In Mexico City, a Serene Boutique Hotel With Art Deco Flair

Bunkhouse transforms a former La Condesa apartment building into the punchy Hotel San Fernando, a stylish “old-meets-new” stay that reflects the rich colors of Mexico.

Opening Shot is a column that peeks inside new hotels, restaurants, bars, and shops with dreamy interiors.


Location: Mexico City

Designer: Bunkhouse and Reurbano

On Offer: Nestled into La Condesa, a 1947 apartment building is now reborn as Hotel San Fernando, the Austin hospitality group’s latest Bunkhouse hotel. Its 19 rooms range from cozy Sencillas with king beds and kitchens to Ocio suites with two sleeping areas and a trio of penthouse Terraza suites with private balconies. “Architecturally,” says executive chairman Amar Lalvani, the building “draws from the anti-traditional elegance of the Art Deco era. Simple volumes and ornamental elements reflect an admiration for the industrial.” 

And the decorative: the lobby’s existing stained-glass windows offered inspiration for the curvy breezeblock that forms the walls of the rooftop patios. “The building was filled with great details that we have preserved and celebrated,” Lalvani says, even down to the façade’s engraved name of the patron saint of engineering, for whom the building was originally named and from whom the hotel takes its moniker.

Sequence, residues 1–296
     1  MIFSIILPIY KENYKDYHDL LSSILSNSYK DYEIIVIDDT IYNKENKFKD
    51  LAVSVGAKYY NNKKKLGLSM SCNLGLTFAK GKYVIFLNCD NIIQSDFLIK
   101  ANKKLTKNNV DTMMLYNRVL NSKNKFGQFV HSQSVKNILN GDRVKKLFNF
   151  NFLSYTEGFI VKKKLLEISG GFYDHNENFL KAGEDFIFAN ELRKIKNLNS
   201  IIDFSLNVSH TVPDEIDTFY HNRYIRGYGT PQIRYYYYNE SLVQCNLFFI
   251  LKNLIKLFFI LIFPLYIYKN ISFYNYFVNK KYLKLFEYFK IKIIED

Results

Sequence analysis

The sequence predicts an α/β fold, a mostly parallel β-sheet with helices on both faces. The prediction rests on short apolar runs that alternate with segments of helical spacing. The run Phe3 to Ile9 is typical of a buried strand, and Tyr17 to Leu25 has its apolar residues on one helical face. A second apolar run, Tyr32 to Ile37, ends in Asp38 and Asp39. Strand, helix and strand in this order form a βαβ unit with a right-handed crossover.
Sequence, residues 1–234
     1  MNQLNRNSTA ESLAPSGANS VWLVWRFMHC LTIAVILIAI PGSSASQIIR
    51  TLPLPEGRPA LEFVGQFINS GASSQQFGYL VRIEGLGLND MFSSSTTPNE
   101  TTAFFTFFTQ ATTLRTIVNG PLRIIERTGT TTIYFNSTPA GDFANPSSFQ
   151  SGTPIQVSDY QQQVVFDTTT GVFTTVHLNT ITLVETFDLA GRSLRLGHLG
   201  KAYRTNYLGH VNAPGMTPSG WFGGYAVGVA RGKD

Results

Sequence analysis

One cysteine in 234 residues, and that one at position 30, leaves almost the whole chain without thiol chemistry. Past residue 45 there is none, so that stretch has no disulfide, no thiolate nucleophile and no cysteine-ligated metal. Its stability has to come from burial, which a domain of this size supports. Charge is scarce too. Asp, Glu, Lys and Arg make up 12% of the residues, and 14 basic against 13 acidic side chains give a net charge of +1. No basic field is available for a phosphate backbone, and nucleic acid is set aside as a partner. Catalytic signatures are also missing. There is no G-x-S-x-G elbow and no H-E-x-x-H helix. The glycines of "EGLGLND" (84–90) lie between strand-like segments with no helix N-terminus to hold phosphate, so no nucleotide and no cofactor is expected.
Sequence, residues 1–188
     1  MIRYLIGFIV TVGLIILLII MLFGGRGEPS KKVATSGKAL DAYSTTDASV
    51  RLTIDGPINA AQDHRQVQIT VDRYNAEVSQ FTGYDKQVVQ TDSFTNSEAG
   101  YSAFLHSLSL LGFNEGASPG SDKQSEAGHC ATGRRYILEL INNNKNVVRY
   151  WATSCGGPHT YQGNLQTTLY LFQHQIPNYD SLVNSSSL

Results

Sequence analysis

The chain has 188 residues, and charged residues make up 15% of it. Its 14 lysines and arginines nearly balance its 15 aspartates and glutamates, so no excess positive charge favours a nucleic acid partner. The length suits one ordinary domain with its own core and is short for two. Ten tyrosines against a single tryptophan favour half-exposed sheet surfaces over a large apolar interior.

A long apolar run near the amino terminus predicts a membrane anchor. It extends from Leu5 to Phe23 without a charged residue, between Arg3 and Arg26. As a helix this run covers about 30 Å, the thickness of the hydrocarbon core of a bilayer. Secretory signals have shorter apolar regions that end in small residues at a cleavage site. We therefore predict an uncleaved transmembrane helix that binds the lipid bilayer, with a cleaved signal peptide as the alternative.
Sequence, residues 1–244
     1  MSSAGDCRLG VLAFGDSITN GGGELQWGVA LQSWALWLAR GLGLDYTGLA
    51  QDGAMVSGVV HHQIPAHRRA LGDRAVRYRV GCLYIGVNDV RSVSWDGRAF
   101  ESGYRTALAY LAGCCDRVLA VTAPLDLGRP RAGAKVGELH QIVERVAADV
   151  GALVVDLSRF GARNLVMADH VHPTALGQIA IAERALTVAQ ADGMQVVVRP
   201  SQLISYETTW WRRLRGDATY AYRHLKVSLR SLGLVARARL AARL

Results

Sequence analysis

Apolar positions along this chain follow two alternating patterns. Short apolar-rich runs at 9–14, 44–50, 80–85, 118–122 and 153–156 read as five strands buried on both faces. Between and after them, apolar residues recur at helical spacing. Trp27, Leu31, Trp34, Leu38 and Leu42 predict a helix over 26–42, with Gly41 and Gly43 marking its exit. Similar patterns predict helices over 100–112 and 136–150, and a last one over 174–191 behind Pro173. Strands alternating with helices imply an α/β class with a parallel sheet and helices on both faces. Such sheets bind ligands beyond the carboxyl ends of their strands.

Standout Features: Casement windows and encaustic tile floors maintain the building’s legacy, while new lighting collaborations with local ceramist Anfora and Oaxaca’s Oaxifornia build on it. La Metropolitana custom-made all the guest room furniture, along with some for the lobby—which features bathrooms clad in an eye-popping Cerámica San Pedro arrangement of five colors of tile, and an oblong open spiral stairwell rising to the fifth-floor terrace where guests can breakfast on fruit and Pan Dulces. Rose lacquer arches guide guests and the public alike to a ground-floor lobby, with its clay bar topped in marble and selections of natural wines and charcuterie. “It’s simple in the best way,” Lalvani says, “meaning everything you need but no more.”

(Photography by Chad Wadsworth.)

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